Regional News

R1 April 2024



Sara MacKenzie  — Region 1 Director

Beth Lindsay, Author

Sara Mackenzie took her horse, Golden Knight, on his first ferry ride to come to Vashon Island for the opportunity to be coached by Kimberlee Barker.

Region 1 riders brushed off the dust—or more aptly, shook off the umbrella—in a late March clinic with top-ranked WE rider and coach Kimberlee Barker.

Barker made the trek from her base in Corvallis, Oregon, to Vashon Island, a small island the size of Manhattan situated between Tacoma and Seattle. Seventeen riders, from those brand new to WE to an adult amateur moving up to compete at L5 this year, participated in the clinic.

Barker is noted for clear, straightforward instruction to which she brings a lot of heart and kindness for both riders and horses. She was able to meet each participant where they were, whether that was working on suppleness in dressage or finding the most efficient lines on the Ease of Handling course. She brought energy and ideas to each lesson and had many exercises to draw upon to try to achieve the desired result.

For one rider, she suggested they sit lighter and hover above the saddle in the transition from canter to trot so the horse could carry them into the downward gait instead of hollowing the back. For another, she suggested posting faster or slower than the horse to make sure the horse is paying attention and following the rider’s seat. For some riders with opinionated horses, she reminded them that they set the plan and the horses should follow it. Transitions within the gait and between gaits help reinforce this and keep the horses waiting for aids.

A seasoned competitor, Barker also shared practical tips for shows. For staying on course during the Ease of Handling phase, she makes sure to look at the number as she enters each obstacle, checking it off her mental list. As a rider who competes at several levels in a single show, she makes sure to bring a copy of the USAWE Rulebook, specifically Table 6-1, the Obstacle Requirements Summary, with her on the course walk to double-check the gait at which each obstacle should be ridden at each level.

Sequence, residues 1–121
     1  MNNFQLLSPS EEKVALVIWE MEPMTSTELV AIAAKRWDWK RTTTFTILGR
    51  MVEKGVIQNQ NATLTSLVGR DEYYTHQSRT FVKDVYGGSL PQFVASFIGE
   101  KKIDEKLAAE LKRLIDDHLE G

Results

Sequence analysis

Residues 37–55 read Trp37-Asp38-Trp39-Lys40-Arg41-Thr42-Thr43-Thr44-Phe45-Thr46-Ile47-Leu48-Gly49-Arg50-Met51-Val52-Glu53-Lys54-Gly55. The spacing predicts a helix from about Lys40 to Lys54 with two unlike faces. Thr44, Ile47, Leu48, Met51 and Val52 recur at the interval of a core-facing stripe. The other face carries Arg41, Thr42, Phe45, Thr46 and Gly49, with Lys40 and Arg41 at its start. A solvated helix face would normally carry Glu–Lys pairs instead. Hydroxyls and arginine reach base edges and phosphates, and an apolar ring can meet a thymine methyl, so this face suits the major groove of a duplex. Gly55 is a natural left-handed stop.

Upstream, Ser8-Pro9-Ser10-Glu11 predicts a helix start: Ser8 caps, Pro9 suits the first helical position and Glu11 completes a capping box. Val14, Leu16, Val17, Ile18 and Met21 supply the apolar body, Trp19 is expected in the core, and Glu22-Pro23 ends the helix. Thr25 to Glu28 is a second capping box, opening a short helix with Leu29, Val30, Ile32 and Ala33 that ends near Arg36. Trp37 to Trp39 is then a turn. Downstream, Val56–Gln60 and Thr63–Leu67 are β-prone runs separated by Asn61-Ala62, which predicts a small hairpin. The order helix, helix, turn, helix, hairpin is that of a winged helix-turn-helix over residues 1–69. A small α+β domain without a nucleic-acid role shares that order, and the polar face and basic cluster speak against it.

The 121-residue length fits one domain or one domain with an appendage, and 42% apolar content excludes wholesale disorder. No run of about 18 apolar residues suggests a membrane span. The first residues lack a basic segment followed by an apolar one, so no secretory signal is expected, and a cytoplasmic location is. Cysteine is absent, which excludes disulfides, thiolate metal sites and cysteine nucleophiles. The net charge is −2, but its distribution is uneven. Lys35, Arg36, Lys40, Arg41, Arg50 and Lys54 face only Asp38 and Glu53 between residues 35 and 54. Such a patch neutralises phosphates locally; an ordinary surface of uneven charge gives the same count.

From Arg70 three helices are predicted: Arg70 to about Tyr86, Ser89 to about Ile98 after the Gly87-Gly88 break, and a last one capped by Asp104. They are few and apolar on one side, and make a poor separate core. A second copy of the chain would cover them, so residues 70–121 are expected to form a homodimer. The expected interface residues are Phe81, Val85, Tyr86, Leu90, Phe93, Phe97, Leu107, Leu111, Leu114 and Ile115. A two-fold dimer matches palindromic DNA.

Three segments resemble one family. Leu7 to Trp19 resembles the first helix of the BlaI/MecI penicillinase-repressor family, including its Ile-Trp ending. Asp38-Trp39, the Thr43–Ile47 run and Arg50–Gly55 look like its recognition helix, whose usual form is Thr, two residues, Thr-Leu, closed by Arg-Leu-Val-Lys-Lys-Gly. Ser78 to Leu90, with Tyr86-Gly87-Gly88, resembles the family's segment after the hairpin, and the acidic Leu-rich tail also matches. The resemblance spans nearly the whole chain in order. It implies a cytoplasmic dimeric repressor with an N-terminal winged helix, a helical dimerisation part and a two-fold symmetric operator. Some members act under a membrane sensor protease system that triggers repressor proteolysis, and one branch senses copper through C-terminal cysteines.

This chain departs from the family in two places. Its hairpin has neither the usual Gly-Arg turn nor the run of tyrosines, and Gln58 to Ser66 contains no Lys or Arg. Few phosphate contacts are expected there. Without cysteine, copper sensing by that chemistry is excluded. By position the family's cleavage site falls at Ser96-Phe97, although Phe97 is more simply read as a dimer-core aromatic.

The clinic brought together riders across Washington State and from a variety of backgrounds and disciplines, including Western and endurance. As proof that nearly all breeds are suited for WE, the breeds represented included Warmbloods, Quarter Horses, a Georgian Grande, gaited horse, Azteca, Morgan, Friesian, Moriesian, and more. Former three-day event riders outnumbered dressage enthusiasts. Those horses are already well-schooled on the flat and naturally bold to obstacles, shortening their learning curve. All participants embraced the opportunity to learn from a top competitor and knowledgeable coach.

In addition to her dressage bona fides as a USDF bronze and silver medalist and USDF L judge program graduate with distinction, Barker has surged up the USAWE leaderboard in just a few short years of competing at WE. She has ridden two horses to the Masters level and was ranked third and fourth in the nation at Masters in 2023, as well as first in the nation at Intermediate A Open with her Dales Pony that she’s bringing up the levels. Barker is also developing a few young horses and hopes to one day represent the US in international competition.

Kimberlee offered important training guidance and practical information about levels of competition and strategies on course. We all know what an excellent rider she is so her input is especially coveted!<br />

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